February 2012 Letters


I first came across OffBeat back in the 1990s. I had discovered this new singer, Johnny Adams, and was attempting to find out as much as I could. I heard this LP from Rounder (it took months for the CD to appear), Room with a View of the Blues. I was some upset that as a major blues fan and self-proclaimed expert on the West Coast of Canada, I had seen them all—Fats, Little Richard, Willie Dixon, James Brown, Albert Collins, etc., plus all the British and USA bands, Doors, Moody Blues, Stones, etc. and I had not heard from the best—Johnny Adams. Hell, I even saw Sarah Vaughan and Duke Ellington with his full band. As Johnny Adams said to me when we met in 1996, if I had seen the Duke, the rest didn’t matter. I saw Johnny twice and trust me, the rest don’t matter.

Like most kids my age (born 1952) I thought the Beatles were it. Imagine my chagrin when I first heard Little Richard do “Long Tall Sally.” There was no going back. Imagine my chagrin when I found that most of Little Richard’s hits were recorded in New Orleans.

I wrote a young producer by the name of Scott Billington and we corresponded about Johnny and over time about Irma. Scott was extremely patient answering my many questions. When John became ill and Scott and others arranged a benefit at Tip’s, I flew down to see it. Without missing a beat, Scott took me under his wing, introduced me to all who were there and the highlight, besides seeing Johnny again was to kiss Irma Thomas’ hand. A triumph! I met so many neat people and was introduced to your magazine.

I am really pleased that Scott is the recipient of your Lifetime Achievement award—a very good fellow, great producer and protector of Canadian travelers to Tip’s, the Maple Leaf and other such noteworthy palaces of entertainment.

—Chris Main, Victoria, British Columbia, Canada


Great choice! For over 30 years, Billington’s work with artists such as Gatemouth Brown and Johnny Adams not only left these musicians with a legacy of fine recordings, but also helped to jump start their careers. Shortly after Gate’s virgin Rounder session, Scott shared his production philosophy with me, which was basically that he saw himself as not getting in the way of the artist, but to create an environment conducive to the artist’s creativity and “fine-tune” the setting. I thought about that simple philosophy a lot over the years when working with producers who were so ego- driven that their intent was to brand their sound on the artist, and unfortunately, they usually did.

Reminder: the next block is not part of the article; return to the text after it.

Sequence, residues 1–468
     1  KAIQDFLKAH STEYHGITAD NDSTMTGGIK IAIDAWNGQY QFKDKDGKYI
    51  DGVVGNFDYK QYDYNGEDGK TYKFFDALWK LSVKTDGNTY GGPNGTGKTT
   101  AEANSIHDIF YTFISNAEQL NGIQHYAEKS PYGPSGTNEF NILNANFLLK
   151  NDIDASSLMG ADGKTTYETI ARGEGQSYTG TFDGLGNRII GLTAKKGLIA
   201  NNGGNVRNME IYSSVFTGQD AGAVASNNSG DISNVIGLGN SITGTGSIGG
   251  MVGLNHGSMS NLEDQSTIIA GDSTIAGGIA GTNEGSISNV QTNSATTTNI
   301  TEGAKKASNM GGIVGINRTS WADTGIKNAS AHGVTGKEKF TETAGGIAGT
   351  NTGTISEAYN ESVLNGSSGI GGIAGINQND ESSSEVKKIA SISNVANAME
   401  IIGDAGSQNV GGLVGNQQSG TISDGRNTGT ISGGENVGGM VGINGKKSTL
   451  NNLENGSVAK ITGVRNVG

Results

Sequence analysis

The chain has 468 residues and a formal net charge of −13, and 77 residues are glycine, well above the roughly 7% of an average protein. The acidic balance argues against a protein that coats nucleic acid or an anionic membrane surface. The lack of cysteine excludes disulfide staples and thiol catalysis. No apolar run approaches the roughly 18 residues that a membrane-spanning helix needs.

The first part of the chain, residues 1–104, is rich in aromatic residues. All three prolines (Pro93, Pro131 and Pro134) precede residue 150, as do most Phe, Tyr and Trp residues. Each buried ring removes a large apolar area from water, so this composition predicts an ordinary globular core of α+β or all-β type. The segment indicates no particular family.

But more important is the legacy Billington leaves the listener: A hundred-plus quality sessions he produced in New Orleans and Louisiana from deserving artists who may never have seen the inside of a studio if not for him and Rounder. While his volume of work is not the size of a John or Alan Lomax, his work documenting Louisiana artists is every bit as important.

—Joe Sunseri, New Orleans, LA


Thanks to OffBeat for the advertisement that was taken out for the New Orleans Punk Rock/New Wave reunion scene from the late ’70s and early ’80s at Southport Hall. We had a fantastic crowd with about 500-plus people. It pays to advertise for a musical event with the best music magazine in Louisiana—OffBeat. Thanks for a successful night.

—Jimmy Anselmo, Jefferson, LA


I have not received my issue of OffBeat. I know they have been mailed because my friends received their copy, and they said, “Keep your paws off.”

—David Keith Hunt, Elmer, LA

We apologize to our subscribers who do not receive the magazine in a timely manner. Unlike other magazines, OffBeat mails the magazine at a much higher First Class rate, which guarantees delivery in three business days. This rate is nearly three times greater than the Standard Class rate. Most magazines mail at the Standard Class rate, which takes a bit longer. Unfortunately the Postal employees see a magazine and make the assumption that it is being mailed at the cheaper Standard Class rate. We continue to work with the Post Office to try and resolve these problems.—Ed.